Eliesa Johnson

Damaris Hollingsworth, AIA, is an architectural thought leader dedicated to creating inclusive, equitable spaces. Originally from Sao Paulo, Brazil, and now Minneapolis-based, Hollingsworth is a principal architect and owner of Design by Melo, the firm she founded in 2018. She is also the co-founder of DesignSHOP, which connects students of color with mentors in the design field, and the Minnesota chapter of the National Organization of Minority Architects. Hollingsworth won a Young Architect Award from AIA in 2020.

When I was 7 years old, my dad hired an architect to design and handle city approvals for our house. That alone was something out of the ordinary—in the inner cities of Brazil, houses are built without city approvals, and there is no such a thing as the enforcement of master plans, city zoning, or code regulations. When I saw [the architect] meeting with my parents at our dinner table, I thought she looked powerful, intelligent, and beautiful, and decided right there that I wanted to be like her when I grew up—an architect.

I studied architecture and urban design at the Faculdade de Arquitetura e Urbanismo at the Universidade de São Paulo, but it wasn’t without its roadblocks. I’d always been told that, to be an architect, I would need to attend college—and colleges were not for people like “us.” Given my inner-city, public-school background and the admission processes that benefitted students from only the best private schools, it ended up taking me three failures before I succeeded in attending university.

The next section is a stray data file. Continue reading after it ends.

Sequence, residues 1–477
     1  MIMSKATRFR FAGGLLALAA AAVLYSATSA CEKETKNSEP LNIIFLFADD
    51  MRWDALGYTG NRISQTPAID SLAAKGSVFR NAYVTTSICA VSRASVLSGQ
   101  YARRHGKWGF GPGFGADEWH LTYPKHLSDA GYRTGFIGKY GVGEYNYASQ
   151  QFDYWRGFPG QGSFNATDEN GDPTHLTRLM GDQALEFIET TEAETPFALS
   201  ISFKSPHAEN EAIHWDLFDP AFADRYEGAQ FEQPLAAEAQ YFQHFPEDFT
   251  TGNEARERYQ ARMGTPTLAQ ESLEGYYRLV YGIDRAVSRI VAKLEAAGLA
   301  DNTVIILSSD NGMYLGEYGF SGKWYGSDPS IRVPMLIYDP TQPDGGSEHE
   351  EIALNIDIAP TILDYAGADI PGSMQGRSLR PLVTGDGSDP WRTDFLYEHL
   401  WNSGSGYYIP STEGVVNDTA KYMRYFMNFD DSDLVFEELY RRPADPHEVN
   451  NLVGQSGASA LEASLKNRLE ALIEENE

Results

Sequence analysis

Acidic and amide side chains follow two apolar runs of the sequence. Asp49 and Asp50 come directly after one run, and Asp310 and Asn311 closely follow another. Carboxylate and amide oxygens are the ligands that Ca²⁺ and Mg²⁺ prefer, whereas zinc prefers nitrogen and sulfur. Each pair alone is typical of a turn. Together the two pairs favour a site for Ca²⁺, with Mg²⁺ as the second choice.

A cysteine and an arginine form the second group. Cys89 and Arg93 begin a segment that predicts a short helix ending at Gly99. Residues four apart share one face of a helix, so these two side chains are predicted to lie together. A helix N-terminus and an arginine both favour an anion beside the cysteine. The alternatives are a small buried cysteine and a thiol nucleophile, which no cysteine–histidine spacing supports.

These early challenges led to my approach to design and development, which is grounded in my lived experience. Inclusion and connection are important in all spaces. Public spaces must feel welcoming and safe to everyone and reflect the needs and aspirations of traditionally excluded groups. When public spaces are not welcoming, it results in alienation and a feeling of social fatigue—even despair.

I see myself not just as an architect, but also, by necessity, as a “translator” between design professionals and user groups who often have differing cultural and educational backgrounds.

My experiences also showed that students of color have few role models or introductions to the profession. That is why I co-created DesignSHOP for underserved high school students. This program creates opportunities to introduce students to architecture, but more importantly, to introduce them to architects of color.

While no single profession or sector can solve social problems alone, architects should lead the way to the development of new skills in cross-cultural facilitation. My hope for the profession is that architects embrace its essential purpose of protecting the health, safety, and welfare of the people—all people. — As told to Audrey Taylor Ward